A circuit of charge points have been switched on at fire stations across Scotland to support a new fleet of electric vehicles.
The electric cars have been introduced for firefighters in rural communities to help reduce carbon emissions in the country.
Chief Officer Martin Blunden said Scottish Fire and Rescue Service (SFRS) is “ready to play its part in Scotland’s net zero future”.
SFRS received £2 million of funding from the government as part of the Switched on Fleets initiative for the procurement of electric vehicles and charging infrastructure.
There are currently 98 charge points based at 61 Scottish sites, including Dyce, Banchory, Fort William and Lossiemouth, which will be increased with any further funding.
Committed to carbon neutral
Mr Blunden added: “This investment in low emission cars for our light fleet is testament to our commitment to move to a carbon neutral service.
“We are not only providing this circuit of electric vehicles and charge points for rural stations, but many of our buildings are being refitted with renewable energy technologies.
“Our staff will be supported to adapt to these new ways of working and maximise the use of this infrastructure.
“This £750,000 investment in water rescue crafts will be a real asset to our crews at the frontline of tackling extreme weather-related incidents such as flooding.
“We know our main sources of carbon emissions come from fueling our fleet as well as heating and powering our buildings. Taking this into account, we’ve pledged to reduce our emissions by six percent each year until 2030.”
The current electric fleet of 45 Renault Zoe models will be increased by 62 Kia E-Nero cars. They will be distributed among various rural hub stations and used by personnel to support retained and volunteer firefighters.
Strengthening SFRS’s response
Ash Denham, community safety minister, said: “The Scottish Government is committed to investing in the modernisation of the SFRS, most recently with a £8.7m increase in funding for 2021-22.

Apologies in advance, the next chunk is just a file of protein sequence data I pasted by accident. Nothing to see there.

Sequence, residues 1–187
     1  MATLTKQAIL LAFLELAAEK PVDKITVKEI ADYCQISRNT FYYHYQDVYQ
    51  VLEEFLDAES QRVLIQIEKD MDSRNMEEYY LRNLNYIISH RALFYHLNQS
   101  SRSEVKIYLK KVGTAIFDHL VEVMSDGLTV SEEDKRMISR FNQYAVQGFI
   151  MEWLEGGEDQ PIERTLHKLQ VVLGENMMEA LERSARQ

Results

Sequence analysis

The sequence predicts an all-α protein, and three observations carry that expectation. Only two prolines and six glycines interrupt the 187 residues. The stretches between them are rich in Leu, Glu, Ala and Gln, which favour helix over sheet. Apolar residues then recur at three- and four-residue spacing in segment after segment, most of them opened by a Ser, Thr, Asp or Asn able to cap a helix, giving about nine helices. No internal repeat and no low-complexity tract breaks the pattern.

“The introduction of rural full-time posts by SFRS over the last three years has provided a significant boost for local economies in remote and rural areas and has been very positive in promoting fire safety and in strengthening the response capability and recruitment of retained firefighters.
“Thanks to funding provided by both the Scottish Government and Transport Scotland, these vital staff will now be able to travel in low carbon vehicles making a significant contribution to SFRS reducing its CO2 emissions in the year when Scotland hosts the COP26 conference on climate change.
“The new SFRS rescue boats are also a welcome development which will increase the capability of this crucial service.”
The addition of 12 new boats, to be increased by another eight in July, will help SFRS to keep communities safe. The new water rescue crafts will be mobilised to emergency calls involving people facing difficulties.
Mr Blunden said: “Our water rescue firefighters practice techniques with a wide range of specialist equipment that enable them to carry out their work safely and effectively and these new boats will enhance their capabilities.
“However, we would appeal to the public not to risk their lives in and around open water which can become very cold just a few feet under the surface and cause Cold Water Shock.
“Unless you are fully trained, competent and equipped to enter water courses, keep a safe distance this summer.”